Co-organizer Greg Coladonato said several recent scares prompted the event. In January there was a lock-down in a Sunnyvale school when a student reported seeing a gunman. And then there was a letter sent to parents of students in an after school program on the Stevenson elementary school campus about a threat which turned out not to be "credible" Coladonato said — "but we were all on edge."
There was also a scare on Valentines Day at Mountain View High School when a student wore a gas mask and camouflage in response to the school's "love is in the air" theme on Valentine's Day, which brought police officers rushing in.
"He thought it was a pretty good joke," Coladonato said of the student. "Some people never got it."
While school shootings don't happen commonly it is a reality we have to recognize and prepare for, said police captain Bosel. The police department trains for such events, he said.
When the audience broke into small discussion groups, one group concluded that school campuses should be closed and key card locks placed on doors to prevent another killing spree.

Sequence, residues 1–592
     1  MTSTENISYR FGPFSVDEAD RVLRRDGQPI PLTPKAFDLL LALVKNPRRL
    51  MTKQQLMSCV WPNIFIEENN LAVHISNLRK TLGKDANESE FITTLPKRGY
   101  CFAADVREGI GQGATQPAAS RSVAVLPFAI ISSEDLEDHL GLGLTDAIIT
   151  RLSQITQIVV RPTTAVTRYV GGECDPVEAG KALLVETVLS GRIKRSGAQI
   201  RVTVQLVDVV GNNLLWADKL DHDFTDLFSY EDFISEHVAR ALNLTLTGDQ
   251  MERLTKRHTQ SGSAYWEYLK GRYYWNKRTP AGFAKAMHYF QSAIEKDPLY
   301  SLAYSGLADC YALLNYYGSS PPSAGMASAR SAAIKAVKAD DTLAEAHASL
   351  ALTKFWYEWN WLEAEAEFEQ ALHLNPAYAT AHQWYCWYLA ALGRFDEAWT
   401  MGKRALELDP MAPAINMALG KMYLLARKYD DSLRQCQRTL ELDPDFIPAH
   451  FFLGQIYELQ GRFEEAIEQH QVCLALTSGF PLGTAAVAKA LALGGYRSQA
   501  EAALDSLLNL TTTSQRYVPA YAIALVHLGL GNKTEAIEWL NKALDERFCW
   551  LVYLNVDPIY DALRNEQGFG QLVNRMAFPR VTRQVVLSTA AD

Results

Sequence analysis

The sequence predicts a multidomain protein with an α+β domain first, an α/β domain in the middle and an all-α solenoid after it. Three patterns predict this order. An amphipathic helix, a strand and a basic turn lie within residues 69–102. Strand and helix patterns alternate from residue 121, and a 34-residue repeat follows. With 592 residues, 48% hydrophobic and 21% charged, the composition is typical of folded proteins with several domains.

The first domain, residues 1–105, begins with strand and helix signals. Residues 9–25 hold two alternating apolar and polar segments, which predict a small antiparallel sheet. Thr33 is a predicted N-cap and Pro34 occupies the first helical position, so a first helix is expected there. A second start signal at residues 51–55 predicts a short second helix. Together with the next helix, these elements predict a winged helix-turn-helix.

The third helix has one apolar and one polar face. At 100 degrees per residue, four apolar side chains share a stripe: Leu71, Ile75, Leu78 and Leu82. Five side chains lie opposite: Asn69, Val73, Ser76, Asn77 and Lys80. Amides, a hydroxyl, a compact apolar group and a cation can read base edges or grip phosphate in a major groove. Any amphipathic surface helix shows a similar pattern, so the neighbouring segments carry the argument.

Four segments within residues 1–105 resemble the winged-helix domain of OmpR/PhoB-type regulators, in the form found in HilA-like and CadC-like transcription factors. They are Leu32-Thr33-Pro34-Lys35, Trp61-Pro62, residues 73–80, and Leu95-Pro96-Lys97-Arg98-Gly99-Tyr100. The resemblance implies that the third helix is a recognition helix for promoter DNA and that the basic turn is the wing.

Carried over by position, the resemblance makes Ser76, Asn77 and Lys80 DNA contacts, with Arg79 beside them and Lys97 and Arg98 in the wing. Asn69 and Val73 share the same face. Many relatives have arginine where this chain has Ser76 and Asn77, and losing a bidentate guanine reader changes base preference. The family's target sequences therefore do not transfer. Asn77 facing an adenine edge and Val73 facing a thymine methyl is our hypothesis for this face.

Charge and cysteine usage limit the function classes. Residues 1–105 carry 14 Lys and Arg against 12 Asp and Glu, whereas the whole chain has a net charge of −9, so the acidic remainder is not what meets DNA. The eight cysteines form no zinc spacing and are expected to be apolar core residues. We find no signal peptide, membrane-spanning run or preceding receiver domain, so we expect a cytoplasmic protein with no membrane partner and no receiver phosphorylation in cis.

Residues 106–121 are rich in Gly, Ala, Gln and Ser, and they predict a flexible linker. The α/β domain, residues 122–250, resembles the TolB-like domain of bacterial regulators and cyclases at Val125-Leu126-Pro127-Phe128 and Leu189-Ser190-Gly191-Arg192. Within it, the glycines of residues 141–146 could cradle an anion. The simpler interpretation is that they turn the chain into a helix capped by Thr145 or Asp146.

It turns out that door locks for schools is not a simple issue.
"Many months after Sandy Hook and years after Columbine we still don't have state standards to ensure our schools are safe," Goldman said. "Dozens of bills have been proposed about what locks should look like on doors in schools — there's no agreement on how doors should be locked." The district would like to move forward on major facility efforts, but "we don't know what locks to buy."
Council member Mike Kasperzak questioned the need for closing campuses off when school is in session.
"Does closing campus send the right message for something that is a one-in-a-million chance?" Kasperzak asked. Kiritz said the odds were actually "one-in-a-13 million" chance.
While some gun rights advocates have called for arming teachers to prevent school shootings, no one advocated for that. Kolander did make the claim, however, that criminals target those who are least likely to be armed.
Gun control results?
Kolander claimed there was a "300 percent" rise in homicides in Australia when stricter gun laws were enacted. The widely circulated statistic refers to the effects of a 1997 gun buyback and is misleading, according to online fact-checking site snopes.com, which notes that the small number of homicides in Australia made the increase "statistically insignificant."